1. Spousal consent is required for any distribution before the distribution is immediately distributable (i.e., the later of age 62 or the normal retirement age).

    2. After that date, the plan may make distributions in the form of a QJSA without participant or spousal consent, but spousal consent is required for any other form of benefit. See 26 CFR 1.411(a)-11(c)(4) and 26 CFR 1.417(e)-1(b).

Spousal Consent Rules

  1. REA added the requirement of spousal consent before a participant may take a distribution so that the non-employee spouse would have some control over the form of benefit the participant chooses and would at the very least be aware that retirement benefits existed.

    1. Spousal consent is not necessary for distributions made in the form of a QJSA. See 26 CFR 1.401(a)-20, Q&A 17.

    2. Spousal consent is required by law at all times for benefits paid in a form other than a QJSA, even when payments are no longer immediately distributable.

Exceptions to Spousal Consent Rules
  1. See exceptions to the spousal consent rule in CFR 1.417(e)-1(b)(2) and CFR 1.401(a)-20, Q&A 27, are as follows:

    1. For distributions made on or after October 17, 2000, a spouse’s consent is not required if the present value of the participant’s non-forfeitable accrued benefit, including both employer and employee contributions, on the date of the distribution is ≤ $5,000.

    2. If the plan administrators are satisfied that there is no spouse or the spouse can’t be located.

    3. If the participant has been abandoned (and the participant has a court order to this effect), or where the participant is legally separated.

    4. For an incompetent spouse, the legal guardian can provide consent, even if the legal guardian is the participant.

    5. The plan must make minimum distributions, per IRC 401(a)(9) even though the employee, or spouse where applicable, fail to consent to the distribution. 26 CFR 1.401(a)(9)-8, Q&A 4.

Antenuptial Agreements
  1. An antenuptial agreement or any type of agreement entered into before the marriage doesn’t satisfy the consent requirements. This is true even if these marital agreements are executed within the applicable election period. See 26 CFR 1.401(a)-20, Q&A 28.

  2. The effect of antenuptial agreements on the right to waive pension benefits was considered in several cases including, Hurwitz v. Sher, 982 F.2d 778 (2d Cir. 1992), cert. denied, 508 U.S. 912 (1993), and Nellis v. Boeing Co., No. 911011, 15 E.B.C. 1651 (D.Kan. 5/8/1992). In both cases the courts found that the antenuptial agreements weren’t:

    1. Effective waivers of the spouse’s rights to receive the deceased participant’s benefit.

    2. Signed by the participant’s spouse, but by the participant’s fiancee. Also, the agreements were not in compliance with REA since they did not specify the non-spouse beneficiary who would receive the benefit.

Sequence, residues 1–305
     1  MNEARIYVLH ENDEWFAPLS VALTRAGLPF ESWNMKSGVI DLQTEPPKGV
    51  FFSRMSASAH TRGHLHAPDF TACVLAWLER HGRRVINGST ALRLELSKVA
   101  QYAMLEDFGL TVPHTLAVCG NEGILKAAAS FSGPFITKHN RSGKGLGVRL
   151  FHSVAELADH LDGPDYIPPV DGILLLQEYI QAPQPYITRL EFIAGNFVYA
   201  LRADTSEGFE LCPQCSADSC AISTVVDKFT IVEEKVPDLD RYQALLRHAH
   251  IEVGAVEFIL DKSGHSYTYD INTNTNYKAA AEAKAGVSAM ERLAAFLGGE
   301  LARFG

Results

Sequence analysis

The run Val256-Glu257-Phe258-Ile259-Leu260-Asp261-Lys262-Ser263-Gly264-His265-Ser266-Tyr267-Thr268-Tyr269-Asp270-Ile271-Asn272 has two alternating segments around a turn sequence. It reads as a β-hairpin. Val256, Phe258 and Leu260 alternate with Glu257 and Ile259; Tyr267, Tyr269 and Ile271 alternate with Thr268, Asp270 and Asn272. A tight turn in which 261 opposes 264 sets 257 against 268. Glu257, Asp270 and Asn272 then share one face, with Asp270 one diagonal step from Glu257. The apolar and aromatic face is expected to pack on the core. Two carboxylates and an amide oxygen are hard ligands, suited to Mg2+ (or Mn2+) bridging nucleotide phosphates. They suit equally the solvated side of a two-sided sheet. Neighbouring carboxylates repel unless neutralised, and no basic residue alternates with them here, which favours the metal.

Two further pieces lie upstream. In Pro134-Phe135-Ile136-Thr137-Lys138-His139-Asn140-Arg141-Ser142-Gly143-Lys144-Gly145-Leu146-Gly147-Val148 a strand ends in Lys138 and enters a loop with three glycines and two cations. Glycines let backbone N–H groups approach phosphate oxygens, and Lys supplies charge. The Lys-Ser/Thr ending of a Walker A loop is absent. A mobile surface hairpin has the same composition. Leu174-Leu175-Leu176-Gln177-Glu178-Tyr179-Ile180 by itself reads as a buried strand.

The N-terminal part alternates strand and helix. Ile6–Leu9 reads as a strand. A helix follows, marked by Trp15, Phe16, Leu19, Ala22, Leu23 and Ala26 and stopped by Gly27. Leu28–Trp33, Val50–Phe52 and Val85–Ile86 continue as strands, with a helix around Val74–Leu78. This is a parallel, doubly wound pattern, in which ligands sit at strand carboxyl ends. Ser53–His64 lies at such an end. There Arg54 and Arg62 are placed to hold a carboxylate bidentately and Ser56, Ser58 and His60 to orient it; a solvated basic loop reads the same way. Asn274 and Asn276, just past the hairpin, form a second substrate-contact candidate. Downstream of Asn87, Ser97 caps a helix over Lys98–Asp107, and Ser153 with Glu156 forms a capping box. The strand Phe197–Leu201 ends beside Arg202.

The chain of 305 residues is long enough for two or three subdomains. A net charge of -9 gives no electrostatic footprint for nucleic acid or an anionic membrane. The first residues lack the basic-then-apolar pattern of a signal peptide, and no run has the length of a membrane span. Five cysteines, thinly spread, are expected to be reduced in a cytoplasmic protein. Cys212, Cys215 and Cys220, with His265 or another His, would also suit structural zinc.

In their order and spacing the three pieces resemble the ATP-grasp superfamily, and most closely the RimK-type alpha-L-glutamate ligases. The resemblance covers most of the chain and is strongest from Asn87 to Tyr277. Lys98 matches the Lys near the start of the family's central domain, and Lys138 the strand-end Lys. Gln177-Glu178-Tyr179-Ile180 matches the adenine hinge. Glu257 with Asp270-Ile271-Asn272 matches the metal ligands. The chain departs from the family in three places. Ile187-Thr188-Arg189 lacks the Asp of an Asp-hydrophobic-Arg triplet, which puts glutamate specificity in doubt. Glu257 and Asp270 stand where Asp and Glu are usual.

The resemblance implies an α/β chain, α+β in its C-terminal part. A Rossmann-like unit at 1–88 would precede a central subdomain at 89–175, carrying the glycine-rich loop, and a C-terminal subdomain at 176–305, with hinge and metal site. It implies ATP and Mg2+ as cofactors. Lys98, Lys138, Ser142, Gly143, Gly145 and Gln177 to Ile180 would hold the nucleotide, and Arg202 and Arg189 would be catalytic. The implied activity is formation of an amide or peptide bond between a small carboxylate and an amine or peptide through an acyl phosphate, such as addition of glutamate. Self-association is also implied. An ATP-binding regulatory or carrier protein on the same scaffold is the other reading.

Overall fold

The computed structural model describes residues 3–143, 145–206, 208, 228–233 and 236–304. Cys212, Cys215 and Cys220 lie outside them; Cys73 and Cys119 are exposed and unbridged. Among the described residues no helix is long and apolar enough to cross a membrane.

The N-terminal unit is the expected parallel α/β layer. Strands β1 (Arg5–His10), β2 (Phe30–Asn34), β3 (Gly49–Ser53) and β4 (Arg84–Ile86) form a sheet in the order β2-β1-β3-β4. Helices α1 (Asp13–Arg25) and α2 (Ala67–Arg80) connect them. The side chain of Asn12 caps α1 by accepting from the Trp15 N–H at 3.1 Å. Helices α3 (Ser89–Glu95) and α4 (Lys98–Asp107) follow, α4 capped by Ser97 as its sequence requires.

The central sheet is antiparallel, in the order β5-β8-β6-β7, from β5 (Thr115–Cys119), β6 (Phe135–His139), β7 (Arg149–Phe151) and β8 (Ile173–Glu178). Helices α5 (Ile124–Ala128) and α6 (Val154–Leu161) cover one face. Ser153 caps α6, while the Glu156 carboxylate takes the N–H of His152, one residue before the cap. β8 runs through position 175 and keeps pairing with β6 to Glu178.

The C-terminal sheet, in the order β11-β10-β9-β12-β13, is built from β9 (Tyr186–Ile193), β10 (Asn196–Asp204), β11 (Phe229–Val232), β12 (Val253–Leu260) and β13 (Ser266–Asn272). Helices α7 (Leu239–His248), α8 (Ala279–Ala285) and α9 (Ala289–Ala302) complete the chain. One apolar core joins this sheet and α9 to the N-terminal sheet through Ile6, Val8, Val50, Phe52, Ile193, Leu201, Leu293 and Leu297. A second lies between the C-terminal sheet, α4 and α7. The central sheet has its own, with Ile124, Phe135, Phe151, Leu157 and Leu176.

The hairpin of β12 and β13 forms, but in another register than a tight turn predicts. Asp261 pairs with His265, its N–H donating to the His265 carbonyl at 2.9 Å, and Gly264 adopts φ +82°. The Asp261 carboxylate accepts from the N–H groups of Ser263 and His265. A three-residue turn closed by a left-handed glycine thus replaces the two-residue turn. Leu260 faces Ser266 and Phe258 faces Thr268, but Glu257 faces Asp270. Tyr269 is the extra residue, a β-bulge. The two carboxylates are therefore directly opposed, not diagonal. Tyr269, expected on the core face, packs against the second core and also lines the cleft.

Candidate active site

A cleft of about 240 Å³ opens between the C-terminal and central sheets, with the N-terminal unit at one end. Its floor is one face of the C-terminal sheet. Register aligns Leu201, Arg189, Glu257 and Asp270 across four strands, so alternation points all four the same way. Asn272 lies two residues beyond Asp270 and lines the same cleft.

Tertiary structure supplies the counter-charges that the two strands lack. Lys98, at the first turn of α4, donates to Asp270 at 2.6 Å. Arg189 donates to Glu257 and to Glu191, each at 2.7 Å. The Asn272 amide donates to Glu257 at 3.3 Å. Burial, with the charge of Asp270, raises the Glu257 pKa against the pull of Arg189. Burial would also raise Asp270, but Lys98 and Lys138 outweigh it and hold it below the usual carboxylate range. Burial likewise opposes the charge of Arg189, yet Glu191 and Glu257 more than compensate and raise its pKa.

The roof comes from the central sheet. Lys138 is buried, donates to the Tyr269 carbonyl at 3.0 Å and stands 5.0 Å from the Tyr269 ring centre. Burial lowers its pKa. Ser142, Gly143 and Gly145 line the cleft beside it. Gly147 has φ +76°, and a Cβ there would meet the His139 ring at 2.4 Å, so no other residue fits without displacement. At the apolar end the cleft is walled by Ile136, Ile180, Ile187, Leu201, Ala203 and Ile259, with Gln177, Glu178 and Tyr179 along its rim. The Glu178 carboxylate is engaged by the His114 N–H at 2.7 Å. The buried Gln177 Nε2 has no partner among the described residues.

Unmarried Participant Rule

  1. Plans subject to the survivor annuity requirements must meet those requirements with respect to all participants, including those who are not married. A QJSA for a participant who is not married is a life annuity. 26 CFR 1.401(a)-20, Q&A 25.

  2. An unmarried participant must be provided a written explanation of the forms of benefit and a single life annuity unless he/she elects another form of benefit.

  3. An unmarried participant is deemed to have waived the QPSA requirements. However, if the participant later marries, the deemed waiver is voided.

Examination Steps

  1. Determine whether there were any single sum distributions of more than $5,000 without participant and, where required, spousal consent. Determine whether there has been an immediate distribution of any amount to a participant after the annuity starting date without getting spousal consent.

  2. Determine whether participants who elect to defer receipt of a distribution have the same options available to other participants. If not, determine whether the unavailability of some options results in a significant detriment to the participants deferring receipt of distributions.

  3. Determine, by looking at the participant and spouse consent forms, that any distribution made while the benefit is immediately distributable (see IRM 4.72.9.3 (1)) has the consent of the participant or the surviving spouse and is in the form of a QJSA or QPSA.

  4. Determine, by looking at the plan’s forms, whether the plan has obtained adequate written spousal consent when a distribution is not a QJSA or QPSA. Check also to see whether the consent document is correct and matches the plan document requirements, and whether the distribution form is of a type the plan permits.

  5. For deceased participants, check whether these payments have actually been made to the participant’s spouse or, with the spouse’s consent, to the participant’s designated beneficiary.